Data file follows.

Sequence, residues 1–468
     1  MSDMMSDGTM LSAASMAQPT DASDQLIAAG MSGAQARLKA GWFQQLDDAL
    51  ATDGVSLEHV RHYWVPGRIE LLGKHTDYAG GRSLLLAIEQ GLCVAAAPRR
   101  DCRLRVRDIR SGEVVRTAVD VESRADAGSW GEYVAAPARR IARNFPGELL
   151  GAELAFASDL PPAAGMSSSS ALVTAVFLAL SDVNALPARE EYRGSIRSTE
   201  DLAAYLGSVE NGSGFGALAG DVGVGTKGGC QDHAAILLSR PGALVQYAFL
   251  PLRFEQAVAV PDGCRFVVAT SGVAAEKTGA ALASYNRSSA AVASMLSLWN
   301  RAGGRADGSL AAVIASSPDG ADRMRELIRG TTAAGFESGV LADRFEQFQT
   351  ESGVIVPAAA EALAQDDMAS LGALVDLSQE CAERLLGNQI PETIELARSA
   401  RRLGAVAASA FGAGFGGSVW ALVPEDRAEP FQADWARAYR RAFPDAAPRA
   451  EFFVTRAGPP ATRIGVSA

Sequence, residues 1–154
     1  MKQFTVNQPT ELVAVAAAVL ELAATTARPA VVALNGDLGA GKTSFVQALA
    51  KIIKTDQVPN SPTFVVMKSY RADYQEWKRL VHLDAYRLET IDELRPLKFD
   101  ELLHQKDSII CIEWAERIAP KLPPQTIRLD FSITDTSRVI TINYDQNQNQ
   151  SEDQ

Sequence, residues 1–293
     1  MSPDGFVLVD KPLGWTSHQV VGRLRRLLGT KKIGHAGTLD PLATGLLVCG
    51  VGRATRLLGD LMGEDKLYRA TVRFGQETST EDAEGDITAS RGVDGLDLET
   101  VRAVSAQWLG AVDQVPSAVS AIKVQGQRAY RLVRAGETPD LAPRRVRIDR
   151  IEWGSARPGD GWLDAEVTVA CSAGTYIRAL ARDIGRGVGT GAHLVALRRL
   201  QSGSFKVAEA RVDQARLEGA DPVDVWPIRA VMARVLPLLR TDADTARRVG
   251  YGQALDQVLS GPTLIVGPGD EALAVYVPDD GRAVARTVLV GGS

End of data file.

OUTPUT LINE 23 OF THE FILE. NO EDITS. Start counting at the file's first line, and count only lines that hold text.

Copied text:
   251  YGQALDQVLS GPTLIVGPGD EALAVYVPDD GRAVARTVLV GGS